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Curating in a Time of Mass Extinction - Shared screen with speaker view
Hannah-Lee Chalk
17:53
Keep on getting 'internet connection unstable' notices so will turn off my video once I've been introduced!
Rebecca Machin
18:35
I'm not being allowed to umute!
Rebecca Machin
18:38
unmute
Dominic O'Key
19:33
Can you do it now Rebecca?
Rebecca Machin
19:43
Yes, thank you!
Hannah-Lee Chalk
21:18
I have a message saying the host is not allowing me to unmute!
Dominic O'Key
21:36
Resolved now?
Hannah-Lee Chalk
21:51
Yes!
stefan skrimshire
23:13
For those who have just joined us: part of this project is a special edition of the contemporary art and writing platform, Corridor8, entitled facing Extinction. The book asks "What does it actually mean to people from different backgrounds, experiences and stages of life, to face extinction?”Copies of facing Extinction are available, for free, on a first come, first served basis, while supplies last. To register your interest, please complete this short form.
stefan skrimshire
23:34
form is here: https://docs.google.com/forms/d/e/1FAIpQLSeltqqaNmseEcD4JMiXK-_GvVKRYaxV9eJReW2evUmL2YTUrQ/viewform
Dominic O'Key
30:04
Great points Hannah-Lee
Matthew Carter
31:03
Dølly raised some really interesting points about the shifting ways in which the remains of extinct species have been displayed in museums. The idea of extinct animal remains as ‘relics’ evokes the idea of the species histories of recently extinct animals as ‘hagiographies’. To what extent does the panel think that the treatment of extinction as a tragedy, and resulting engagements with romantic notions of loss and mourning, are necessary for garnering popular support for environmental and ecological conservation? Additionally, do you think engaging with zoological museum exhibits and exhibitions as historical objects in their own right can help to highlight contemporary discussions about conservation, biodiversity loss etc?
stefan skrimshire
34:03
Great - keep the questions coming and I’ll do my best to collate and put to the panel in the second half.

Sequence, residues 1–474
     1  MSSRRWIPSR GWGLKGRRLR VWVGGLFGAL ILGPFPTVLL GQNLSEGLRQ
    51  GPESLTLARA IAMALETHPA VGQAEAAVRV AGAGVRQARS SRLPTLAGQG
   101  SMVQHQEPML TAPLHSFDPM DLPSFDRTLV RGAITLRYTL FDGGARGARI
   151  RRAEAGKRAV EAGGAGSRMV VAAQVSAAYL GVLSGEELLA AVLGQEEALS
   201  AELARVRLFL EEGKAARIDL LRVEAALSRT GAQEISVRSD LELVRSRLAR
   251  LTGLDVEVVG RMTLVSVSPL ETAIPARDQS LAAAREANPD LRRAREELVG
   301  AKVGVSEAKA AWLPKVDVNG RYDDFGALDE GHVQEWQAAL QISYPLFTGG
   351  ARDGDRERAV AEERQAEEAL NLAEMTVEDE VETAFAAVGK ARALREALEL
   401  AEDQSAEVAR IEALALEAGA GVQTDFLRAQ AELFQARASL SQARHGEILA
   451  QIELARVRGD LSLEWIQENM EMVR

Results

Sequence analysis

Laurence Payot
36:13
Rebecca very powerful thoughts and completely agree that maybe there is no time to be careful, museums need to be brave. And we all do!
Rebecca Machin
36:46
Thank you Laurence! Your comments about sound ad music earlier resonated with my thoughts on that too!
Cristina Torrente
38:18
Great point about engaging new people or just sending the message to people who are already engaged. So important to reflect about this.
Michelle Nijhuis
41:54
excellent point about the colonial history of many museum collections vis a vis the colonial history of many extinctions!
stefan skrimshire
42:50
An interesting article in today’s Guardian about the need for museums to resist colonial legacy:https://www.theguardian.com/commentisfree/2020/oct/15/the-uk-government-is-trying-to-draw-museums-into-a-fake-culture-war
Matthew Carter
44:48
The discussion of the colonial element of many museum collections raised some great questions as to how to discuss different human-animal relationships in different parts of the world and how to negotiate nuanced discussions regarding different, exploitative relationships between different human cultures and their animal neighbours. It would be really interesting to discuss how we give nuance to discussing the use of animals by different groups whilst also staying true to aims surrounding the promotion of conservation and biodiversity.
stefan skrimshire
46:19
My question to the panel: which groups of people do museums consistently struggle to engage with / reach out to (on this issue but also others), and why do we think that is / what can we do about it?
Dave Pritchard
46:32
Interested in how this discussion links to the preceding one about arts projects. Are you keen to be quite “literal” about this subject (as I'm hearing so far), or is there interest also (in the museums sphere) in exploring it in a more metaphorical / philosophical / political way..? (Analogy with extinction of languages, for example, associated loss of biocultural diversity, traditional environmental knowledge etc).